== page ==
Article provided by NHS Choices
More than 3 million people in the UK are diagnosed with diabetes, and it's thought that over half a million more people may have type 2 diabetes and not know it. People from some cultures, including African Caribbean communities, are more likely to develop type 2 diabetes than the rest of the population. Find out how to reduce your risk.
Diabetes is a condition in which the body can't deal properly with glucose (sugar) in food. There are two main types of diabetes. In type 1 diabetes, the body produces no insulin. In type 2 diabetes, the body does produce insulin but not enough, or the insulin it does produce doesn't work properly.
People from African and African Caribbean communities are three times more likely than the general population to develop type 2 diabetes.
It's not clear why diabetes is more common in these communities, but it's thought to be linked to diet, genetic differences in processing and storing fat, and unequal access to health services.
Diabetes can be diagnosed with a simple blood test. If it isn't treated, it can lead to heart disease, stroke, problems with the eyes and kidneys, and damage to the arteries. However, there are ways to reduce your risk and to control diabetes if you have it.
What are the risk factors?
Type 1 diabetes
Type 1 diabetes is not caused by any lifestyle factors and there is nothing you can do to prevent it. Type 1 diabetes usually develops in people under 40, although it can occur in older people. If you have type 1 diabetes, you need to look after your health very carefully. It's treated with insulin injections, a healthy balanced diet and physical activity. Caring for your health will also make treating your diabetes easier and minimise your risk of developing complications - find out about living with type 1 diabetes.
Type 2 diabetes
There are certain risk factors that make getting type 2 diabetes more likely. You are more at risk if:
- you are over 40, although people of any age can develop it, and people of African or African Caribbean, Chinese or south Asian descent are at higher risk of developing it at a younger age
- you have a close family member (parent, brother or sister) with diabetes
- you're overweight with a waist size of more than 80cm (31.5 inches) if you're a woman, 94cm (37 inches) if you're a man, or 89cm (35 inches) if you're a south Asian man
- you have ever had high blood pressure, heart attack or stroke
- you're a woman with polycystic ovary syndrome and you're overweight
- you're a woman and you've had gestational (pregnancy) diabetes or given birth to a baby over 10lbs (4.5 kilos)
- you've been told you have impaired glucose tolerance or impaired fasting glycaemia
Type 2 diabetes can occur at any age, and often develops in white people over the age of 40. It affects people of African, African Caribbean, Chinese or South Asian descent up to 10 years earlier than white Europeans.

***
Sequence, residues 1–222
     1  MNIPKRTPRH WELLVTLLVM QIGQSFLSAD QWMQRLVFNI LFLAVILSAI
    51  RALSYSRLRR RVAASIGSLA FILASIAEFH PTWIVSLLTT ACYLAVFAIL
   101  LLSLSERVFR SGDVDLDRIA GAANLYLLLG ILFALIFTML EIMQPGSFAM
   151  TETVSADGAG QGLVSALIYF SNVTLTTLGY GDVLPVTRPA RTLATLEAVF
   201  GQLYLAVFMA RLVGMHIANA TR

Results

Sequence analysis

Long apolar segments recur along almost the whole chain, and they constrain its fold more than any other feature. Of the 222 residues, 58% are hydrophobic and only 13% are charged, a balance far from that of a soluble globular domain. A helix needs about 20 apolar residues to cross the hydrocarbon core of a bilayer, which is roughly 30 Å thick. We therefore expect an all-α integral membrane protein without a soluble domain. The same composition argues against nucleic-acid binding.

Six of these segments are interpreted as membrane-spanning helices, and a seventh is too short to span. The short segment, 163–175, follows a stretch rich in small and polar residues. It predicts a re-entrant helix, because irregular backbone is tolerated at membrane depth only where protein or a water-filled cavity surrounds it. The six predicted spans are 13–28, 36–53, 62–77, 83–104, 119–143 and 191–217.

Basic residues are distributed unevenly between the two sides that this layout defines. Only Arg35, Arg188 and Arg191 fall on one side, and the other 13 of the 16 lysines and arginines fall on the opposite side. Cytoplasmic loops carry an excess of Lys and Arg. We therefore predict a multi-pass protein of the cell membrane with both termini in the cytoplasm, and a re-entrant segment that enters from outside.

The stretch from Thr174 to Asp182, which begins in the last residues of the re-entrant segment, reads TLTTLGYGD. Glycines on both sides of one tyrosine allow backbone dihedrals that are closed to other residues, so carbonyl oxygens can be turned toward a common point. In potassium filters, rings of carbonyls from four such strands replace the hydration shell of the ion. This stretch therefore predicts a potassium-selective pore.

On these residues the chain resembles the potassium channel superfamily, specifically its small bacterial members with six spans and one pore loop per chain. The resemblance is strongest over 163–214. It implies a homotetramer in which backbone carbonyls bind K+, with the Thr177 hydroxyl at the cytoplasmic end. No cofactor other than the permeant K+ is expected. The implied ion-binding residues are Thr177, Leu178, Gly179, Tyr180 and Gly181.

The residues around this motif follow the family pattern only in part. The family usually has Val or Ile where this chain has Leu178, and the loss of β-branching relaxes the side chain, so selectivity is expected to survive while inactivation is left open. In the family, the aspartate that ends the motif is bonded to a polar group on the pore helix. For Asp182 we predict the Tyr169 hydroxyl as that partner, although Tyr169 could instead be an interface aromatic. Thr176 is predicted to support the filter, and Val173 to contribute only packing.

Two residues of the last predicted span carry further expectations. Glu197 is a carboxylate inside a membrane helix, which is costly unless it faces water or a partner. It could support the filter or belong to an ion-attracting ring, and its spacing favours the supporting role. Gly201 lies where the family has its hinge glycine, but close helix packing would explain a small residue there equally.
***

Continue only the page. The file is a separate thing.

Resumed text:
What are the symptoms?
- feeling very thirsty
- producing excessive amounts of urine (going to the toilet a lot)
- weight loss and muscle wasting (loss of muscle bulk)
Other symptoms can include:
- itchiness around the vagina or penis, or getting thrush regularly as the excess sugar in your urine encourages infections
- blurred vision, caused by the build-up of glucose in the lens of your eye
"If people have any of these symptoms, they might think it's because they're working too hard or staring at a computer a lot," says Jenne Patel, Diabetes UK equality and diversity manager. "If you're in the right age range and have any of these symptoms, go for a check-up."Take a self-assessment to find out your risk of diabetes.
Reduce your risk
The main ways to reduce your risk of type 2 diabetes are eating a healthy, balanced diet and doing at least 150 minutes (2 hours and 30 minutes) of moderate-intensity aerobic activity, such as cycling or fast walking, every week. In addition, you should do physical activity to improve muscle strength at least two days a week.
"People can still follow their traditional diet, but they can do it more healthily," says Jenne. She also says that African and African Caribbean food tends to be higher in fat and sugar. "For example, instead of frying with a lot of oil, use just a teaspoon. Or try baking and steaming instead."
A healthy diet is one that is low in fat, salt and sugar and contains at least five portions of fruit and vegetables a day.
Healthtalkonline has articles and videos of people talking about their experiences of being diagnosed with diabetes, living with diabetes and diabetes treatment.
For information about living with diabetes, call the Diabetes UK Careline on 0345 123 2399.
Article provided by NHS Choices
Record managed by Oxfordshire Family Information Service